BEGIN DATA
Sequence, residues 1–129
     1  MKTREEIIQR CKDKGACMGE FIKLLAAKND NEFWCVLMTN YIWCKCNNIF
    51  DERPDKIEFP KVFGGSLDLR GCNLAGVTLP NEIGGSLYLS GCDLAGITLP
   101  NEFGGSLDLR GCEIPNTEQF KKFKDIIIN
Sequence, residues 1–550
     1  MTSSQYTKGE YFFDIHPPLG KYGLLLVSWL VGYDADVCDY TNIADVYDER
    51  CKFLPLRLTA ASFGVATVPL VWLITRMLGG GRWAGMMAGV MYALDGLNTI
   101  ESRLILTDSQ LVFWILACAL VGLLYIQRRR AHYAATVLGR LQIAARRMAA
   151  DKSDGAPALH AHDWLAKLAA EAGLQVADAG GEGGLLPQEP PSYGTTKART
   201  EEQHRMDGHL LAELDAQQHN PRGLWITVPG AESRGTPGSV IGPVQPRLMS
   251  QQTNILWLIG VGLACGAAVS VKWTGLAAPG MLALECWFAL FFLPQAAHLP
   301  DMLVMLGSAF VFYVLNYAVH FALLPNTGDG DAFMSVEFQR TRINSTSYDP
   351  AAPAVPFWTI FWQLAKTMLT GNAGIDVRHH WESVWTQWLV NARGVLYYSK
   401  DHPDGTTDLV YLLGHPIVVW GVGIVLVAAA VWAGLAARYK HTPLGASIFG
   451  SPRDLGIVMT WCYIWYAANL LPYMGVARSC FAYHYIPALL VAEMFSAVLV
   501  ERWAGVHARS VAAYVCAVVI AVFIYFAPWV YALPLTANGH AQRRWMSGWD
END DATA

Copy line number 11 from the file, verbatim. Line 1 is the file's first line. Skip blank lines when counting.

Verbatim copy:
   251  QQTNILWLIG VGLACGAAVS VKWTGLAAPG MLALECWFAL FFLPQAAHLP